Now, however, there is a planning opportunity for folks with monies in a traditional IRA. If the “modified adjusted gross income” on your 2009 tax return will be less than $100,000, you can “convert” an unlimited amount of your investments in your traditional IRA to a Roth IRA. You will have to pay taxes on the “distribution” and most tax advisors recommend using separate funds to pay those taxes. Nevertheless, the monies can now be invested to grow, tax free to you and your heirs. Thus, as a tax planning mechanism, you can take distributions from the Roth IRA when the tax on traditional IRA would be prohibitive.
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Massachusetts 2009 Rules Changes for Investors; Model Portfolios Update

The “crash” in 2008 has brought fundamental changes to the ways our Massachusetts clients see long term investing in their retirement accounts. Notwithstanding the notion that most of our clients remain invested with a long term plan, there is new evidence that a fundamental shift away from equity (stocks) and toward bonds and cash has occurred. And no wonder; in 2008, the safest asset class of all, U.S. Treasury Bonds, outperformed every other category of assets.
The good news is that US investors are saving more. From the post World War II period to the 1980’s, the US savings rate fluctuated between 8%-10%. Then the savings rate fell dramatically to around 1% in 2005. Recent evidence shows that following the 2008 crash, the savings rate is up to over 5% in the second quarter of 2009.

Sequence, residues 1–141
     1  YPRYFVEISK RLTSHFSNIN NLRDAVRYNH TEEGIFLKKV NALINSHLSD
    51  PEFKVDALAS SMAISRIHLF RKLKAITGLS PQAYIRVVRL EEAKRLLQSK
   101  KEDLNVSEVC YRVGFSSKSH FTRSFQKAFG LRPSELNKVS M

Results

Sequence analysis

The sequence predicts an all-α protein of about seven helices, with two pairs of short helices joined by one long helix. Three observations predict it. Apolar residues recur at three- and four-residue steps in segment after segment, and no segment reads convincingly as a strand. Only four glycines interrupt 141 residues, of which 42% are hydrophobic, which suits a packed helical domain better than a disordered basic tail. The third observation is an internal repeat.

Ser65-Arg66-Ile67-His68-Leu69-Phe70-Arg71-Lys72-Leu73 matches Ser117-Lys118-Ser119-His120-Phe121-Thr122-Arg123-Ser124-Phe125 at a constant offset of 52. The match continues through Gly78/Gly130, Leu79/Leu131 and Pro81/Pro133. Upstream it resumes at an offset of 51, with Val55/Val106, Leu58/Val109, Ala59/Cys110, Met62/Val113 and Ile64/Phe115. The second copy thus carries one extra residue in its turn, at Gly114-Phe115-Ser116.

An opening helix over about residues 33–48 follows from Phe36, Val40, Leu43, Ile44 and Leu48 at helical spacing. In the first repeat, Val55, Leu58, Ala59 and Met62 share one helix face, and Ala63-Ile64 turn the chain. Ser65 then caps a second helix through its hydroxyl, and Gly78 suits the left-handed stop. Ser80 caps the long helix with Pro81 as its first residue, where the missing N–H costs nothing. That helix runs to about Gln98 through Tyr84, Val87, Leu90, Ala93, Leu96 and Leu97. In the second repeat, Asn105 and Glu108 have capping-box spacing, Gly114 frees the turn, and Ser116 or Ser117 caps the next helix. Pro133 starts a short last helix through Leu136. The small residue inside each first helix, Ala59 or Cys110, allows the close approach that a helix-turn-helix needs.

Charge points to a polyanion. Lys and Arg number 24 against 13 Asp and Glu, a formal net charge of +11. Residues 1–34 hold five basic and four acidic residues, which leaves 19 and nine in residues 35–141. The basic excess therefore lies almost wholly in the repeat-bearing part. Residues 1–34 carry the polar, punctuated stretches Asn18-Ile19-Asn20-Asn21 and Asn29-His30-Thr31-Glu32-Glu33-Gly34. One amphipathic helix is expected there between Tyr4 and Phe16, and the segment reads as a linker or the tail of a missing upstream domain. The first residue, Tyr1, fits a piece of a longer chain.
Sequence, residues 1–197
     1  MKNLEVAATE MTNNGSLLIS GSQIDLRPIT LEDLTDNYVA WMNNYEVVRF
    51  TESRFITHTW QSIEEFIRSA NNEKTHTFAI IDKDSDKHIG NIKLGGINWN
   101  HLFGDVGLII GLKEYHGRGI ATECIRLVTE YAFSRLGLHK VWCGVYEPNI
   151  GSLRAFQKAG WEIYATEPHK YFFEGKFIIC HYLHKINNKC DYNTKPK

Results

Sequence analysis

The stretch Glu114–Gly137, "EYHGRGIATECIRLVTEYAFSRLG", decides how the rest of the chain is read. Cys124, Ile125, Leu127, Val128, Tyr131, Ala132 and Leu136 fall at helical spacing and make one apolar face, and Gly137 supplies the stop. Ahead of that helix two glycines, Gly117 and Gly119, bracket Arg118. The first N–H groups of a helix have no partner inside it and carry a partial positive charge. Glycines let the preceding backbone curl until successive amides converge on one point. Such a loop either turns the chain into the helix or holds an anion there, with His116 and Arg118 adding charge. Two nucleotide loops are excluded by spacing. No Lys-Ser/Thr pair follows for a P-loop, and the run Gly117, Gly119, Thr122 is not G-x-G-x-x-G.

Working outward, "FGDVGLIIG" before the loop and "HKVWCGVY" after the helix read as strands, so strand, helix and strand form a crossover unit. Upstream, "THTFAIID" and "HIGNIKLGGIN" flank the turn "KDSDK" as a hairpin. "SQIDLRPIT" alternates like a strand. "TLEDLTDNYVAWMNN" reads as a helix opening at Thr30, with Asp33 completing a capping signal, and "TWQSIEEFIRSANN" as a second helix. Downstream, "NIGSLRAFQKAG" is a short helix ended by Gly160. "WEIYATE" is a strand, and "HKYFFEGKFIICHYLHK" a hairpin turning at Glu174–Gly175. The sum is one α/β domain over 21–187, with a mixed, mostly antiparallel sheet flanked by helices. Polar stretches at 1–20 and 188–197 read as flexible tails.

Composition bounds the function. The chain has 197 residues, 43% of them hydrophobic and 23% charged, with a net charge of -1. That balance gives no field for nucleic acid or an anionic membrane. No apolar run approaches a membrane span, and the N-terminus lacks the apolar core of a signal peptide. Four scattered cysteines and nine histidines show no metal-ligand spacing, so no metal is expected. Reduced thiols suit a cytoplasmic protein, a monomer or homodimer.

But what is actually happening now?

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Long Term Investment Strategies for Retirement or other Monies

Many of our clients have retirement accounts: 401k’s, 403b’s, IRA’s, Roth IRA’s, or some other type of long term investment account. Under the Bankruptcy Code, we can usually construct the exemptions so that these assets are excluded from the Creditors.
Too many of our clients do not get proper guidance for investing these long term monies. Furthermore, we have many clients, especially children, who need a trustee for long term monies. I have managed children’s trusts and special needs trusts for decades for many clients.
This article is intended as a primer for folks who need to begin to understand, or who need a refresher on understanding, how to handle long term money. What do we mean by long term money? I mean money that is really not needed for years; more than 10 years. Money that is put away for retirement, for example, that will not be touched for painting the house, sending junior to college next year, or buying a car.